The Freedom Film Series uses film to address issues of systemic injustice. The series invites you into dialogue with the issues presented in the films during conversations with filmmakers, content matter experts and activists following the screenings. Topics addressed during the series includes inequity in policing and the criminal justice system, the disparate impact of illegal drugs on communities of color, systemic racism, disability and more.
In 1973, four young Black men were stealing guns for self-defense when they were cornered by NYPD officers. In a panic, the men took twelve hostages. The film centers on police psychologist Harvey Schlossberg who convinces his superiors to do the unthinkable – negotiate with “criminals” and, hopefully, prevent a violent bloodbath. Nearly 50 years after the incident, the film has the power to revolutionize American policing. Learn more
Thursday, May 26 – APART
Filmed over 3 ½ years, the film follows three mothers who were caught between harsh drug sentencing and rising incarceration rates for women during America’s War on Drugs. The three women return from prison and attempt to rebuild their lives after being separated from their children for years. Their stories overlap at a new reentry program for women run by an activist formerly incarcerated in the same prison.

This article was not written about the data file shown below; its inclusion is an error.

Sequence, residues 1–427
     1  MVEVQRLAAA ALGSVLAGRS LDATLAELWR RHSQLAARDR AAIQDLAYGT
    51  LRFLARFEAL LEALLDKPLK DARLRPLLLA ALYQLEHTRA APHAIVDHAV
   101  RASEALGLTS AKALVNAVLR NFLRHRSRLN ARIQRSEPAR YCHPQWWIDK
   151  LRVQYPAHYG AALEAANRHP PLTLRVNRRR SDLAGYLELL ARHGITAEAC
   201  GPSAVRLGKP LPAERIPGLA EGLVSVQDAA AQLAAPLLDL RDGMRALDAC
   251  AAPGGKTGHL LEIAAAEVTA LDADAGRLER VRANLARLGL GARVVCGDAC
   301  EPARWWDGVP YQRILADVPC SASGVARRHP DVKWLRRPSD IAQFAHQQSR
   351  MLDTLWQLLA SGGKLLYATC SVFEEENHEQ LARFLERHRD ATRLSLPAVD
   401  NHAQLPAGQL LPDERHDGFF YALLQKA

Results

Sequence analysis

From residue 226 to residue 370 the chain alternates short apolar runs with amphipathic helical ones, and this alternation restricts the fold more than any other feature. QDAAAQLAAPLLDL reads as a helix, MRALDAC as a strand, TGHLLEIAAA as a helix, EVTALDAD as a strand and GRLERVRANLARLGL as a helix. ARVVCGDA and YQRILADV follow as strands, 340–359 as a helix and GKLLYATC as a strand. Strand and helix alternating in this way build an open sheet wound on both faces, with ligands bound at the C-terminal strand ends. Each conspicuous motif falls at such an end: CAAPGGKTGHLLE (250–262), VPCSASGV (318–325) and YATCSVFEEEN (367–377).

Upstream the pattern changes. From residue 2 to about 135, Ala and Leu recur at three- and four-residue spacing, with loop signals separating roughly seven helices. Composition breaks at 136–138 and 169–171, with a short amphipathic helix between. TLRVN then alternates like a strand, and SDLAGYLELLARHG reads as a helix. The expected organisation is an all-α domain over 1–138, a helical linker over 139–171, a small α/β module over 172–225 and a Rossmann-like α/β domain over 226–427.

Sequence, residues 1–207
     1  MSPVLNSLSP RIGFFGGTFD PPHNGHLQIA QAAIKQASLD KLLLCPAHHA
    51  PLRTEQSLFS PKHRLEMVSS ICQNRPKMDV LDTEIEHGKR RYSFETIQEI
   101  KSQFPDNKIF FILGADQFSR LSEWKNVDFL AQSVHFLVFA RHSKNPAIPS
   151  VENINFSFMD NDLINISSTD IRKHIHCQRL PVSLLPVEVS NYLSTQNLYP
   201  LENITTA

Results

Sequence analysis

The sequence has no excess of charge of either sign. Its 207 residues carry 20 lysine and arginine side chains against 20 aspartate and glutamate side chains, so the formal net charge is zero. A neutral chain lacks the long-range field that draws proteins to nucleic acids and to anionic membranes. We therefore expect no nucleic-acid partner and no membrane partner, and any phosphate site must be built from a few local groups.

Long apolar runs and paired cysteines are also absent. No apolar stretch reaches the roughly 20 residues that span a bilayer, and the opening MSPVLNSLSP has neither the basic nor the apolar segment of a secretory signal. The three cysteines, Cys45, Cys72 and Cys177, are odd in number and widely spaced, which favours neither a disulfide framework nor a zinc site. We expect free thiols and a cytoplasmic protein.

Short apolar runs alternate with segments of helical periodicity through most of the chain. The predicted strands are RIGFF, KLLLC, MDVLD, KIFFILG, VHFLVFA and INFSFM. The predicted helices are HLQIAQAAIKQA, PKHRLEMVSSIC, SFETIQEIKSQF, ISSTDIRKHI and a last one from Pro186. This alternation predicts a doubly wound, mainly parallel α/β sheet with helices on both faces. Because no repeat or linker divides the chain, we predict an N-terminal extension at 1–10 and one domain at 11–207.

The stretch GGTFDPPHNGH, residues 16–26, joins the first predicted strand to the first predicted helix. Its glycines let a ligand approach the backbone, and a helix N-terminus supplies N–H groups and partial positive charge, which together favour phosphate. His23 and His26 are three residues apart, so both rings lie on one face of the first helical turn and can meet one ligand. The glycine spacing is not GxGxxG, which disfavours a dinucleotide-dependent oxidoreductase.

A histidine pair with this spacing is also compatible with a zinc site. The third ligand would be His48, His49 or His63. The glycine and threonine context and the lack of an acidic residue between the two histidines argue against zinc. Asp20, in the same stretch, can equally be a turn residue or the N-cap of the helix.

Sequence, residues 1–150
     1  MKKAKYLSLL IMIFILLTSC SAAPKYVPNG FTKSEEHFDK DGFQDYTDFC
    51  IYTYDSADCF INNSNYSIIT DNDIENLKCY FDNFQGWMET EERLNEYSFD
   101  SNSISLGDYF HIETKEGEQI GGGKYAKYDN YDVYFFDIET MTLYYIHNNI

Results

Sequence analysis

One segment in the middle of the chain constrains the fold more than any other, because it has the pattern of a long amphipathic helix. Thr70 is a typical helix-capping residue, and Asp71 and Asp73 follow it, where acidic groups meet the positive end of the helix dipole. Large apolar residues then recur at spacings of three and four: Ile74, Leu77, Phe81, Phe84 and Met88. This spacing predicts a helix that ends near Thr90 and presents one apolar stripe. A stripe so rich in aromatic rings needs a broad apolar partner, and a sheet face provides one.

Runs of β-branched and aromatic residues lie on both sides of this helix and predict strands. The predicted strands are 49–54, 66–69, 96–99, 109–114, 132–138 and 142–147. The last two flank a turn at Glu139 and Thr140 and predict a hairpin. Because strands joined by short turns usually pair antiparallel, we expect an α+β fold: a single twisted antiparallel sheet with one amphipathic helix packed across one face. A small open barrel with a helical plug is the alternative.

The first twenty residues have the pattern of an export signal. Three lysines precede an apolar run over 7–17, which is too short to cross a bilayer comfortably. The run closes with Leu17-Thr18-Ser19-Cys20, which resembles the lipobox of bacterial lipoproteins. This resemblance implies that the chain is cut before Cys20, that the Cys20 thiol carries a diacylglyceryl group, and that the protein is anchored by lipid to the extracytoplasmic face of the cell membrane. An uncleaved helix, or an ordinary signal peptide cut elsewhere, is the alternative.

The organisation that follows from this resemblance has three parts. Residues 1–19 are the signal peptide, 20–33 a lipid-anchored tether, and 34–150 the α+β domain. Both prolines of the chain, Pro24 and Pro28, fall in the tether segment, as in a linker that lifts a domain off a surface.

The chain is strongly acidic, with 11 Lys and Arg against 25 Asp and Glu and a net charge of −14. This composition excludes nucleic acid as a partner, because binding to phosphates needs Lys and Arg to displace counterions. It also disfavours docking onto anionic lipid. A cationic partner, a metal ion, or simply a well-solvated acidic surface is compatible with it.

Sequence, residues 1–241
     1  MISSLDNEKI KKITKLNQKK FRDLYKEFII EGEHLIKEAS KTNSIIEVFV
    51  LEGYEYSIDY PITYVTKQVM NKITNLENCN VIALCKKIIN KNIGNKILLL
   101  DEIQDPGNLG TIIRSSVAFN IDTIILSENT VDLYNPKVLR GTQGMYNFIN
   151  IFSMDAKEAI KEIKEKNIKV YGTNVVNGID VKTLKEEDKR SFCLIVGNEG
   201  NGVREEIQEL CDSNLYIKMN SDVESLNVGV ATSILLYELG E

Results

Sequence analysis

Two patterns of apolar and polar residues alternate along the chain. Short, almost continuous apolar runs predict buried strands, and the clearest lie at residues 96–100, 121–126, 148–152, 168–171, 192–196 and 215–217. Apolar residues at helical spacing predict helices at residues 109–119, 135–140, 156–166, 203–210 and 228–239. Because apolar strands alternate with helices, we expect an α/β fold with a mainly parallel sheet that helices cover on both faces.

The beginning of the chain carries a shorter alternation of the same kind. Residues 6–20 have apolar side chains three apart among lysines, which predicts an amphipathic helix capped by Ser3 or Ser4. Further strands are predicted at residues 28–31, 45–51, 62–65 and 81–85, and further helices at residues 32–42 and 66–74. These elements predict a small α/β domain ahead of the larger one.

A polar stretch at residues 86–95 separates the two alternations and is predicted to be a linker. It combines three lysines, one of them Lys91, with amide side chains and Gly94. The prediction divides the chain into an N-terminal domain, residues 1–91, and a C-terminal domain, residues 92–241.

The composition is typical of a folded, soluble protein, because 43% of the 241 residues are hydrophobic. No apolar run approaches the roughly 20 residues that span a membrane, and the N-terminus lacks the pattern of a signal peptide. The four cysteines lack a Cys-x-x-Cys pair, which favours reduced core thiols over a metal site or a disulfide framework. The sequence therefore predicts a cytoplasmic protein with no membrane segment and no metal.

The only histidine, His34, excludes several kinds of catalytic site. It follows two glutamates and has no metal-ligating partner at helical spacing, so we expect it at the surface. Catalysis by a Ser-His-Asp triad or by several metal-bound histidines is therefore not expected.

In 1963, at the height of the Civil Rights Movement, the Loyola Ramblers of Chicago broke racial barriers and changed college basketball forever. Now, nearly 60 years later, this legendary team is reexamined by Loyola basketball player and co-captain Lucas Williamson. Woven together with archival footage and modern day interviews, this captivating story continues to provide inspiration in the fight for equality.
Additional films and dates to be determined:
Location: Harriet Tubman Theater